Patroklos Papapetrou is speaking at Voxxed Days Bucharest about code reviews: specifically what he learnt doing 2400 reviews in 6 months. He is also the organiser of Voxxed Days Athens. Patroklos shared some of his code reviewing experiences with Voxxed.


I did my first “official” code review 5 years ago. I was excited by the idea that I would be able to help others improve their code. However things didn’t quite go as I expected. The main reason for that was the lack of tools that would have helped me to do proper reviews. All we had was some kind of custom-made software that was just displaying the code, without any easy way to compare what was changed from the last commit. There was no option to add comments on a particular file or line so it was really really hard for me to write up my comments.

Given the situation, I did my best! I tried to focus on both high-level ( design, architecture, applied patterns, complexity ) and low-level observations ( variable / function names ). I wanted also to make sure that I won’t accept code that is not at the best quality level …so of course I failed the review :). Not once but three or four times, if I remember correctly, to be 100% confident that I didn’t miss anything obvious.

As to whether or not I made any mistakes as a reviewer, I think I did it right. There were no obvious mistakes like missing a null object reference access, but I remember I missed some common rules that I wasn’t aware of. These rules were followed in the team / company I was working for at that time.

Thinking differently about code reviews

I had to start thinking differently about code reviews when I realised there were these common rules I didn’t know. That was a ringing bell for me. During the next few weeks I was trying to improve myself. I was doing better code reviews and learning the coding rules that the team was already following before me. Clearly I had no chance to ask these guys to change they way the were coding.

However there was an issue. Obviously I wasn’t the only one doing code reviews. It happened that other reviewers didn’t pay the same attention, or had different code review rules, or they were just ignoring some of the things that I was noticing. This was creating several problems within the team. Unsurprisingly, some developers didn’t want me to review their code 😀 . So we needed to come up with a common core review guideline, accepted and agreed by all team members. After a couple of weeks we did it. That was the key to success. Developers didn’t hate me as much, and all reviewers knew exactly what they have to review!

Tools for code reviews

In terms of tools, there are plenty out there. I don’t want to nominate any as the best one – but I will explain what kind of things we need as reviewers. The most important feature is a nice and user-friendly code viewer that allows reviewers to easily understand what has changed / been added / deleted since the last commit, and allows them also to add comments for any given line of code or file.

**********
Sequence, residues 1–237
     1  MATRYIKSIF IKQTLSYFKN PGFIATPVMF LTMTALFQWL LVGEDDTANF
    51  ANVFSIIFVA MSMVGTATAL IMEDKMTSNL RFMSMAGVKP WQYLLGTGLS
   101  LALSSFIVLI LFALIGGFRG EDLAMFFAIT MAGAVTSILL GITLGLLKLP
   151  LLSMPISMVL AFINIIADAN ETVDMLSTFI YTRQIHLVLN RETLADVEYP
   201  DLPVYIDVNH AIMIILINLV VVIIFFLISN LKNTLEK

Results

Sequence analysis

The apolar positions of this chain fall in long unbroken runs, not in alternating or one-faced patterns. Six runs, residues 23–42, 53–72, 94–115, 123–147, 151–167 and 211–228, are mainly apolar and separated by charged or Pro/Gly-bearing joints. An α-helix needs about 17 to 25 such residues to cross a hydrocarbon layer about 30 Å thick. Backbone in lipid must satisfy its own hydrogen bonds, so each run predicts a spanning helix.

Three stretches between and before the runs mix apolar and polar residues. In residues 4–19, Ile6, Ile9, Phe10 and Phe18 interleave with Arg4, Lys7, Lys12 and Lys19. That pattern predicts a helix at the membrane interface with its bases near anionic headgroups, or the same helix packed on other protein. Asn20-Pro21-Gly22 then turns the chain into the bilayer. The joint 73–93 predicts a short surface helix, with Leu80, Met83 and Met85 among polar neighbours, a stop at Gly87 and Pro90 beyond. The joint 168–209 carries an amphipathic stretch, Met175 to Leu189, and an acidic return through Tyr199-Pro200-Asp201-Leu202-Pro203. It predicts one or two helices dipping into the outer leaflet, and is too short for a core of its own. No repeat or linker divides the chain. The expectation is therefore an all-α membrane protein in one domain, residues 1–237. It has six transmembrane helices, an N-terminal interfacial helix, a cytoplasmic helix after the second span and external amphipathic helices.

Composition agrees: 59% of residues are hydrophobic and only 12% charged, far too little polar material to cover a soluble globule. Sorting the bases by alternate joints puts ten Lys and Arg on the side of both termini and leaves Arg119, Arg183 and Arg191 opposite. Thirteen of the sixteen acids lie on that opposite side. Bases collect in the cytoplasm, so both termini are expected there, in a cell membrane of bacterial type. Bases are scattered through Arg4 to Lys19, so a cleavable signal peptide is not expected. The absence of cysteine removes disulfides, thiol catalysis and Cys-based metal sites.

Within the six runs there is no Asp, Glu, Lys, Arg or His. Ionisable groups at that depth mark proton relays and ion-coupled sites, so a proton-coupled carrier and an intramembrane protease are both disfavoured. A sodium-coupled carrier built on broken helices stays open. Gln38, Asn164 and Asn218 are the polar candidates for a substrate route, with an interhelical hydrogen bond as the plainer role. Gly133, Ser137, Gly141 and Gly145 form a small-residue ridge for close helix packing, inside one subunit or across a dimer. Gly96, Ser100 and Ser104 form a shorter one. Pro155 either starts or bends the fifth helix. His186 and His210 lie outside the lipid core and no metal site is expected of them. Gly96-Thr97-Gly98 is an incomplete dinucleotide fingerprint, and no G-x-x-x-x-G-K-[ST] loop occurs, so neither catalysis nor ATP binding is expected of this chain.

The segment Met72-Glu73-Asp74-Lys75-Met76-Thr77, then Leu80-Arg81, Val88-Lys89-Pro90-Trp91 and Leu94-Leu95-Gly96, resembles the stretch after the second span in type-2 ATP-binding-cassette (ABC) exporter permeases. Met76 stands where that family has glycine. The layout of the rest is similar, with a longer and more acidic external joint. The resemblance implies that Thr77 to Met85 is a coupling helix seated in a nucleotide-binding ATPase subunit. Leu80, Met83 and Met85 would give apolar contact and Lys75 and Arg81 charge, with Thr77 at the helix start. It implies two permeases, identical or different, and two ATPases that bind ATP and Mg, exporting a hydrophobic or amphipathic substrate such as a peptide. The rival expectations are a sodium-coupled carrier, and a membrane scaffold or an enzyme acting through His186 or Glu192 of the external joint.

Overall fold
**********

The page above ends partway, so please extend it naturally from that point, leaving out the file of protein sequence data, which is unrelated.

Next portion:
To move one step further, code reviews should be well connected to pull requests and some other external tools like a ticketing system. This would help reviewers to quickly switch to the ticket description and read what problem the pull request is supposed to solve, or what feature is supposed to be implemented. We are living in the era of automation – so it’s really important to integrate the review system with external tools like our continuous integration provider to make sure that the code isn’t breaking the build or any tests. If we also have a continuous inspection environment or other tools that measure code quality, ideally we would like to have them integrated to our review tool.

The purpose of these integrations is to give to the reviewer all this information – directly in the same code viewer used for code reviews – about test coverage, complexity, code duplication or quality issues that can be detected automatically. This will leave much more space for more manual architectural and design reviews that can’t be fully automated.

Improving as a developer and as a reviewer

As developers, in order to submit better code, we need to understand what reviewers are expecting to see. We need to understand the expected quality standards and what is on the reviewer’s checklist. We also need to learn from previous reviews and make sure we don’t do the same mistakes again.

For the reviewer: it’s hard to review someone else’s code. It might be your best friend’s code and you don’t want to break eggs. Well you should! If you think that you are reviewing and criticising the code from a bird’s view and you are not offending the person who wrote it, things will get easier. Don’t make it personal. Try to leave objective and positive comments that focus on proposing better ways of writing the code. There’s one more thing that will make you a better developer. Always be ready to change your mind! Reviewers are humans and humans make mistakes. Don’t be stubborn – be ready to argue with the committers and accept their solution if it’s better than yours!

When I do a code review and I don’t find anything to comment I feel proud! I feel proud because I realise that developers have improved themselves and they are now able to write better code in the first place. I’m happy because I helped them to get better. A good code review also saves me time, so I can review more code, or write some more code myself 😉


For more code review wisdom, see Patroklos’ talk at Voxxed Days Bucharest:


Learnings from 2400 code reviews in 6 months

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